Worse than I thought

Karl Denninger notes that the big banks are presently trading at less than half book value:

The very acts that led to the crash of 2008 are back in play, and they’re doing the same thing to market volatility. Banks are still hiding derivative exposure, claiming that they need these “customized” products for customers (and refusing to exchange-trade all of them.) Banks are still holding assets on their balance sheets at what the market judges to be a fantasy value – not only is their stock price half of book value or less in many cases, but we know there’s nobody with actual money who believes the claimed valuations on the balance sheet are real, as if they did they’d buy up all the stock and get the assets at half price – an instant 100% (or more) capital gain.

Who wouldn’t do that, if they believed the banks? Every one of these institutions with deeply-underwater balance sheets – Bank of America and Citibank in particular – would be bought out tomorrow. The fact is that nobody believes these marks are real. Nobody. It would only take one “somebody” with money who would pounce on such an opportunity – if it was real. And there are lots of people with money.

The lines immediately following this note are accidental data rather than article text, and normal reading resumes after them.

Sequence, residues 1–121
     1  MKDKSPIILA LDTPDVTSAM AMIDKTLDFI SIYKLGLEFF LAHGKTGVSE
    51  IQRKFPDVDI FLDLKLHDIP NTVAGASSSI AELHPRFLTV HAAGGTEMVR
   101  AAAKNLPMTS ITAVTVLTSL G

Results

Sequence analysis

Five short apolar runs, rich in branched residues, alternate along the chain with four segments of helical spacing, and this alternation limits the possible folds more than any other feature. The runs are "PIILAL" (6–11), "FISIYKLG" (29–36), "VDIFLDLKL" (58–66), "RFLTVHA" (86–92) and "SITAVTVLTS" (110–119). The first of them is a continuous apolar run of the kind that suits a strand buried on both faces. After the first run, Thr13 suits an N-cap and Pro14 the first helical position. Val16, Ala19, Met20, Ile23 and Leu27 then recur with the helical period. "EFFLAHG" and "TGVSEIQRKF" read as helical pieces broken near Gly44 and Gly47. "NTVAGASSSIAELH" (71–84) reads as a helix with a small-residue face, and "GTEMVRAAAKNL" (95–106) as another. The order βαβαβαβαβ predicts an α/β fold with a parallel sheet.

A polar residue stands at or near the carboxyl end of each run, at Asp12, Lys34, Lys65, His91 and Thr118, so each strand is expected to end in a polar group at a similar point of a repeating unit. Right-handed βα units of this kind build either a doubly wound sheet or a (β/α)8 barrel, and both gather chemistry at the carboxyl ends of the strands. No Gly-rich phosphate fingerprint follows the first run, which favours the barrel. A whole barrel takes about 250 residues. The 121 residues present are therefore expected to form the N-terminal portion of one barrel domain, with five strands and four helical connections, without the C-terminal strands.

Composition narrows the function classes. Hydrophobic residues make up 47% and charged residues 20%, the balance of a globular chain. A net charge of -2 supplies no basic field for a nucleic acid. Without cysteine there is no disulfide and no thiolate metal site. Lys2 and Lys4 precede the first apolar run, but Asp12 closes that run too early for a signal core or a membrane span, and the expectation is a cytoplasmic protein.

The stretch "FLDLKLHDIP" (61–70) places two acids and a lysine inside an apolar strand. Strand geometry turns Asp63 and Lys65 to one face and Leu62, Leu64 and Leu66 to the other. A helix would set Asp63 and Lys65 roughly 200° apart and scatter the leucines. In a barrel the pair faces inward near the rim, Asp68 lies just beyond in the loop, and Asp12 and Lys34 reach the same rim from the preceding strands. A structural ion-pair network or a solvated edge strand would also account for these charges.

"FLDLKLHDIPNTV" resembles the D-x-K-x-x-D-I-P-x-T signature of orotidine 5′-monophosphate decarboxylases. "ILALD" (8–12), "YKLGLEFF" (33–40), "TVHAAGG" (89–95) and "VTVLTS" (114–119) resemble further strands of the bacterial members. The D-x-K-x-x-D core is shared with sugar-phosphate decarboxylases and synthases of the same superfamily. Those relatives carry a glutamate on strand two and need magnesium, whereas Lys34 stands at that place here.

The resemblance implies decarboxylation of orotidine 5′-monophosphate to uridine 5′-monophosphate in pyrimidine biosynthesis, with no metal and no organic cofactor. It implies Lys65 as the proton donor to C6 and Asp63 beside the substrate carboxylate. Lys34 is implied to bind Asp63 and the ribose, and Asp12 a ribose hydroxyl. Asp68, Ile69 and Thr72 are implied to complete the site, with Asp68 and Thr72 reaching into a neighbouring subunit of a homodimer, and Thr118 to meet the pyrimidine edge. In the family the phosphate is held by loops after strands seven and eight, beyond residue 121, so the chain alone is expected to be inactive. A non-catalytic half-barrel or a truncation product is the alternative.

I repeat: There is not one entity with funds that believes these banks are honestly reporting asset values. NOT ONE.

And here I was telling that nice Canadian anchorwoman just last week that based on the FDIC seizure reports, I estimated around $3 trillion of $7.6 trillion in reported big bank assets were completely nonexistent. Mea culpa. It would appear I was too optimistic by at least $800 billion.

Ah well, that’s close enough for biology, anyway.